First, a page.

Over the last 100 years, Annushka’s route has changed repeatedly for various reasons. Today it runs from Kaluzhskaya Square (metro Oktyabrskaya) to Turgenevskaya Square (metro Chistiye Prudy). It now runs along only three of the boulevards: Yauzsky, Pokrovsky, and Chistoprudny. There is no guaranteeing that the tram’s route might not change again one day.
What’s interesting is that the current A route follows the only tram line still in operation within the Garden Ring (trams No. 3 and No. 39 also follow this line). What’s more, Annushka takes a break on weekends – the route’s venerable age takes its toll, no doubt. On workdays though, among the usual trams running the route, you can also find the Annushka tram-café. Its interior takes you back 150 years, and the names of the dishes on the menu come from the pages of Mikhail Bulgakov’s Master and Margarita.
Bulat Okudzhava wrote about the A tram, and so did Konstantin Paustovsky, who worked as a conductor at one time. The poet Sergei Ostrovoi even wrote a song for Annushka, though few probably remember it now. This famous boulevard tram route, once called the “theatre route”, as it passed many of Moscow’s theatres and cinemas, could also deservedly be called the “literary route”.
The rough and tumble of everyday life
The Boulevard Ring has seen a lot in its time, and it has not always been an easy lot. Inconsiderate Muscovites have trampled the lawns, broken the railings, and chopped down the trees for wood. In the mid-19th century, the Governor General of Moscow took strict measures and banned people from walking dogs on the boulevards, riding bicycles, pulling carts, and even walking with suitcases. Special inspectors made sure that everyone followed the rules.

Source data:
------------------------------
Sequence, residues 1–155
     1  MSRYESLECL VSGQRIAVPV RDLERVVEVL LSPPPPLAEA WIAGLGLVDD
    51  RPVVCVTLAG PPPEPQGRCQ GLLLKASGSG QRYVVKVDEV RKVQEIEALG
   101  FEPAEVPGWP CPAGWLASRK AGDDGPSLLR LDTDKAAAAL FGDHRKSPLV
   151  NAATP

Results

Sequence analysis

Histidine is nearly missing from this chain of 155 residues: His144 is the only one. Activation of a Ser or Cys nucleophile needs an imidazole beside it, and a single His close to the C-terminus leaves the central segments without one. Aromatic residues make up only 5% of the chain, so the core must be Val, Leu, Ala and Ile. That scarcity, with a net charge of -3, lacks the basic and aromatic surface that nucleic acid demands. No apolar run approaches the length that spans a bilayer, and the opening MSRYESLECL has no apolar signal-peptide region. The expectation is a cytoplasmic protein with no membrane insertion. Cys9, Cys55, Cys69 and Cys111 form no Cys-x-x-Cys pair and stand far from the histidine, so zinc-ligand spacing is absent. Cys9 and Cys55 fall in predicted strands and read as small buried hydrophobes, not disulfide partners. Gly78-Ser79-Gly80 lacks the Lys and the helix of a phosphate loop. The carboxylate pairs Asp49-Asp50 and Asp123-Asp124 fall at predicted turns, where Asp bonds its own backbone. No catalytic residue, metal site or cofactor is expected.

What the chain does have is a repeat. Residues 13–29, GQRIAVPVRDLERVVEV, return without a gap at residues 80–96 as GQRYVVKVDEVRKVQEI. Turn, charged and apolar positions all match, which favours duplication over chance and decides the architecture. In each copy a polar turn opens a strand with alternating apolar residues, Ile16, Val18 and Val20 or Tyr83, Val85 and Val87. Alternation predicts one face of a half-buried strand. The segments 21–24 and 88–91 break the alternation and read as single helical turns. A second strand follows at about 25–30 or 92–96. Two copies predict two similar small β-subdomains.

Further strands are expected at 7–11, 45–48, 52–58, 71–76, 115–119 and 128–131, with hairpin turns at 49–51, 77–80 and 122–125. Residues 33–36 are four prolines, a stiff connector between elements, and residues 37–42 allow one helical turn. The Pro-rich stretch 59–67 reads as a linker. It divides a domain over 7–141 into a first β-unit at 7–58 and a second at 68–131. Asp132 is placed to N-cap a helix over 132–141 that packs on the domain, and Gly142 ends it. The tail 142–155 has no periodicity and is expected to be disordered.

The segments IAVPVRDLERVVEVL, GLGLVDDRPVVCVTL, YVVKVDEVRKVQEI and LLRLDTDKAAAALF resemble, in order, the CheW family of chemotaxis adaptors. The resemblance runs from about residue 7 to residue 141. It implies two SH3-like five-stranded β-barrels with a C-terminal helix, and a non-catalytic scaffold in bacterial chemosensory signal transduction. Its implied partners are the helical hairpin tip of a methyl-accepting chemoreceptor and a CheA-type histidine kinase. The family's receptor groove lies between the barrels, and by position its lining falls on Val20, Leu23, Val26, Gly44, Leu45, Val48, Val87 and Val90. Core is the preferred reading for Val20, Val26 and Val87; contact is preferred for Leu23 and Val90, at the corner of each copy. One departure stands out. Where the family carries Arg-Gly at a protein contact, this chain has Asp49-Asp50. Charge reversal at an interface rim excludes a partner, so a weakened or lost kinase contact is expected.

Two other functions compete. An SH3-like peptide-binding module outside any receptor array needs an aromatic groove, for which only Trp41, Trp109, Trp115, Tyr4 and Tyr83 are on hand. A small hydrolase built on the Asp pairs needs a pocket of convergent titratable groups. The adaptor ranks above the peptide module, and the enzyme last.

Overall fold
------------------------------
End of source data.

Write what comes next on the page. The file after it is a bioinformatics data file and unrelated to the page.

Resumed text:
During the 1941-1945 Great Patriotic War, the boulevards regained something of their original historical purpose. In 1941, they were the site of military training exercises for militia soldiers, of air defence installations, and even of aerostats for blocking the city’s airspace.
Work began on fixing damage from bombing and the defence efforts immediately after the war ended, and a big urban redevelopment plan transformed Moscow substantially for the 800th anniversary of its founding. Many trees and bushes were planted along the boulevards, new benches were installed, the old lattice fences were replaced by iron railings (with each boulevard getting its own individual decoration), and elegant decorative planters and new street lights were added. Vitaly Dolganov was this renovation project’s author and director.
The green belt continues to improve today. In 2015, the Strelka Design Bureau drafted a major new reconstruction plan for the Boulevard Ring. As part of the My Street project, the proposal is to limit traffic on the boulevards by redirecting it to the Garden Ring and Third Ring Road. Priority will go to pedestrians, cyclists and public transport. This plan will require the construction of new lanes and traffic islands at the crossings.
The Boulevard Ring’s toponymy